The development of The China Paint Manufacturing Company. Part II: Set up factory in China, Dismissal of Hong Kong production line and Improvement of revenue

In 1981, The China Paint Manufacturing Company established a processing factory in China. In 1993, the production line began to be relocated to China stage by stage. In the 1980s, during every Chinese New Year most of the buildings in Hong Kong would be renovated, resulting that the demand for small cans of paint increased. Therefore the company produced and kept a large storage of paint in the factory. The factory could not keep a big storage due to the lack of space as well as the increasingly stringent legal restriction against storage of dangerous chemicals. As a result, the company set up a processing factory in Nantou as a storehouse of the dangerous chemicals. In 1986, the company established a joint venture between the state and the company at Xixiang to produce wood nitrocellulose paint. Compared to other types of paint, nitrocellulose paint was more dangerous as it easily caught fire. The company closed the Xixiang factory in 1996.
When the company’s customers relocated their factories to China, the company made the same move. Initially Paul Lam did not want to run production operation in China, as there were not enough qualified and capable technical personnel there. Finally the company made the move to China because it wanted to provide more efficient and customized service to its customers in China, to shorten the delivery time and to skip the tax of importing materials.
Some of China Paint’s former employees formed their own companies in China. Some of these companies undertook the same kind of business as China Paint and served the same group of China Paint’s customers. Paul Lam cited one example that a former employee who came from Guangdong Province and managed the marble section of China Paint, later set up a new company doing the same type of work as what he did in China Paint.
In July 1st, 1993, China Paint officially stopped the production operation in Hong Kong. In so doing, several months before the stoppage, China Paint recruited and trained workers in the two processing factories in China.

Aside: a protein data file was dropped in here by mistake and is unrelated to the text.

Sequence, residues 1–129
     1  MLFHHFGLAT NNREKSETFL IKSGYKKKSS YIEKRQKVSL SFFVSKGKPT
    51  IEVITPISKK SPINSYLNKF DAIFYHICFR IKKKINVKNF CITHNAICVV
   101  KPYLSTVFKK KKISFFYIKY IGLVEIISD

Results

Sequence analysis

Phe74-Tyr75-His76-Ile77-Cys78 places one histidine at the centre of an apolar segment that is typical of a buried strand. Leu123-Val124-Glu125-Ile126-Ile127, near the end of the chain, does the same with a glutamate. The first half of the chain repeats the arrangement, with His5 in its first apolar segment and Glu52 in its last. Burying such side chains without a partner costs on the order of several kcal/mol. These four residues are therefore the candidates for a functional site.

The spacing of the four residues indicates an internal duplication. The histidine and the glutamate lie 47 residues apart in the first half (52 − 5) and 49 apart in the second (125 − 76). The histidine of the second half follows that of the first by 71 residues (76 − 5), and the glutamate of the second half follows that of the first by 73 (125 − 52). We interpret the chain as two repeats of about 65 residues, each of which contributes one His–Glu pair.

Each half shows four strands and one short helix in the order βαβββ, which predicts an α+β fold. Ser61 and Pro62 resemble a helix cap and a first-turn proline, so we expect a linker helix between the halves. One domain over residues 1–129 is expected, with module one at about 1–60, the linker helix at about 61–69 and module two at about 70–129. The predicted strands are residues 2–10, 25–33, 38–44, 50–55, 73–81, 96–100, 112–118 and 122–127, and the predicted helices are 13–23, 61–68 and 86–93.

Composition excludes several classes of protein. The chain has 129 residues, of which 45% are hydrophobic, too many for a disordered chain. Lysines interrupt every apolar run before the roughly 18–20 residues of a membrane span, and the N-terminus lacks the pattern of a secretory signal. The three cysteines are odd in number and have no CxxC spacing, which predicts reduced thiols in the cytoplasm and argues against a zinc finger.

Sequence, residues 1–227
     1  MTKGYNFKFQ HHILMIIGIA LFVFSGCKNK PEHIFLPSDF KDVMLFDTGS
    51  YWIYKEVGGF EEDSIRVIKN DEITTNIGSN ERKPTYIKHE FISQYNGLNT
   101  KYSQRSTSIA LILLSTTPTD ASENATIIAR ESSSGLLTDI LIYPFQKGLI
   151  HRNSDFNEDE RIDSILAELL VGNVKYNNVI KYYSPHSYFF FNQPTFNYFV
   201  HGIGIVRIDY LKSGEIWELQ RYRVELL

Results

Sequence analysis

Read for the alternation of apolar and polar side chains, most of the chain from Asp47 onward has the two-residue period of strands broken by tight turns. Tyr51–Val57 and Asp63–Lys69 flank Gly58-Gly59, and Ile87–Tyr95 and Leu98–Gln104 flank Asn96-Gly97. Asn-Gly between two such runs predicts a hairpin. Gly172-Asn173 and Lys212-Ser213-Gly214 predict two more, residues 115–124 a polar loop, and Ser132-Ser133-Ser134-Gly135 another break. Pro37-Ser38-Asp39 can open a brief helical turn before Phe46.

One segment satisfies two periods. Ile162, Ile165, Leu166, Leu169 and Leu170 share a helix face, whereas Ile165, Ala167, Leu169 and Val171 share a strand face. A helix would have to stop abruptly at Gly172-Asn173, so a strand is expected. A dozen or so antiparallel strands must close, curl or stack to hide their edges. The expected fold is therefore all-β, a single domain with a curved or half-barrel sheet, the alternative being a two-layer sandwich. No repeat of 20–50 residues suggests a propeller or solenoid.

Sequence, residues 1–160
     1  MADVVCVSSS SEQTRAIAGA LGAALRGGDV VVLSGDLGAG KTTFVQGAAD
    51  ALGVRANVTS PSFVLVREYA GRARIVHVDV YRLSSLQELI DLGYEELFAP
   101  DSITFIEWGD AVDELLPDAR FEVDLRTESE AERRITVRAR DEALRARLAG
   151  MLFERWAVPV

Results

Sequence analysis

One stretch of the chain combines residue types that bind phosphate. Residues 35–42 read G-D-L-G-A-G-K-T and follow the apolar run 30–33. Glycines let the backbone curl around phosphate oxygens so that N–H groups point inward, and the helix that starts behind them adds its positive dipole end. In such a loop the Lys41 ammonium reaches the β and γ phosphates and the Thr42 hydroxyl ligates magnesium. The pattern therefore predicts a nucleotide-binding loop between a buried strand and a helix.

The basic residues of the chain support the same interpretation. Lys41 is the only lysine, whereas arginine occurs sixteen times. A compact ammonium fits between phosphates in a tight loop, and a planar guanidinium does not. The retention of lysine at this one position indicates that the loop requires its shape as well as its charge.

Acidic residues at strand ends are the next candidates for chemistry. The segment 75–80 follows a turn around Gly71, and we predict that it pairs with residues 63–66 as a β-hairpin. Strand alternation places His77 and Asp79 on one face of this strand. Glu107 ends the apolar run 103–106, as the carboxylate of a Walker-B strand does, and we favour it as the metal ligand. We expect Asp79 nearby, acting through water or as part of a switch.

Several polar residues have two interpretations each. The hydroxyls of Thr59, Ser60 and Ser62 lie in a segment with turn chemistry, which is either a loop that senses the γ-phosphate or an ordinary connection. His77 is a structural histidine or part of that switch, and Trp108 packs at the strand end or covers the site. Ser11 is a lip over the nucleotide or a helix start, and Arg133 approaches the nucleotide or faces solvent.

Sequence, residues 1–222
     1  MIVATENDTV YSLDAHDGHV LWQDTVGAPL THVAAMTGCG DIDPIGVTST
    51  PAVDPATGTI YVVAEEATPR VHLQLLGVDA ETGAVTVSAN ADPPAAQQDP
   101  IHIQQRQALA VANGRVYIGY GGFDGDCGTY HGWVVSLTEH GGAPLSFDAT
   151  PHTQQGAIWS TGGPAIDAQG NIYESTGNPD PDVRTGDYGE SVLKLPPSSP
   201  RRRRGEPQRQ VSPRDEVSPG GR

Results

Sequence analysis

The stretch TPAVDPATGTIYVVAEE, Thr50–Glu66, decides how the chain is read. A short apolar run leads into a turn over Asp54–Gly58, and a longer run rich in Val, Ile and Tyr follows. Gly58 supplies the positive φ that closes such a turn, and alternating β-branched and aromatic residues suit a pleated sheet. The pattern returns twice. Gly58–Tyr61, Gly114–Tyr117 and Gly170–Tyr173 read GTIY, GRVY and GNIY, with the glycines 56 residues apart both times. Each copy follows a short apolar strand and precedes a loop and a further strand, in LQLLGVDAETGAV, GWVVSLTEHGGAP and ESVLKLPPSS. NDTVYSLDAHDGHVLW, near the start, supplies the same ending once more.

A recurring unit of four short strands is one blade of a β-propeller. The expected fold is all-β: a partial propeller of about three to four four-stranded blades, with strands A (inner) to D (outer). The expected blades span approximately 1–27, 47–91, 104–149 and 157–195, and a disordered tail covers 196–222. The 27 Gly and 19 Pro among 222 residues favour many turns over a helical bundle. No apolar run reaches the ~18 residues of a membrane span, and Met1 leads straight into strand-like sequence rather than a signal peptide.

At the peak period, there were over a hundred workers at the Sai Kung factory, and around a hundred workers at the Kwun Tong factory. There were about 300 workers in the China’s plant at the beginning. Now, together with the sales people, there were a total of 500 workers. More workers were required for producing paint for toys. If China Paint gave up production of paint for toys, it could reduce the labour force. To set up production facilities in China, the company relocated the machineries that were still working properly from the Hong Kong’s factory. In addition, the company also installed new equipment in the new factory premise in Shajing, Shenzheng, which was the current factory premise of China Paint.
At the beginning when China Paint started up production in China, it arranged some 20 people from Hong Kong to stay and work there. They were supervisors and engineers. Now the Hong Kong group was reduced to less than 10 people. As most chemists refused to work in China, now only a few chemists remained. Throughout the relocation process, around one hundred workers in the Hong Kong factory were laid off. The company provided compensation for all dismissed workers. China Paint used to provide pension to its workers. The relationship between the company and the workers was good and the workers would organize activities after work.
China Paint had to recruit new workers for the factory in China. Some workers were transferred from a joint venture between China Paint and a state-owned chemical company in Xian. Every two years, this company would transfer its experienced and skilled workers to the factory of China Paint in China. Under economic reform, some of the workers from the joint venture remained with the company.

Company China Paint Mfg. Co. (1932) Ltd.
Subject Industry
Duration 17m41s
Language Cantonese
Material Type
Source Hong Kong Memory Project Oral History Interview
Repository Hong Kong Memory Project
Note to Copyright Copyright owned by Hong Kong Memory Project
Accession No. JL-PL-LIFE-004
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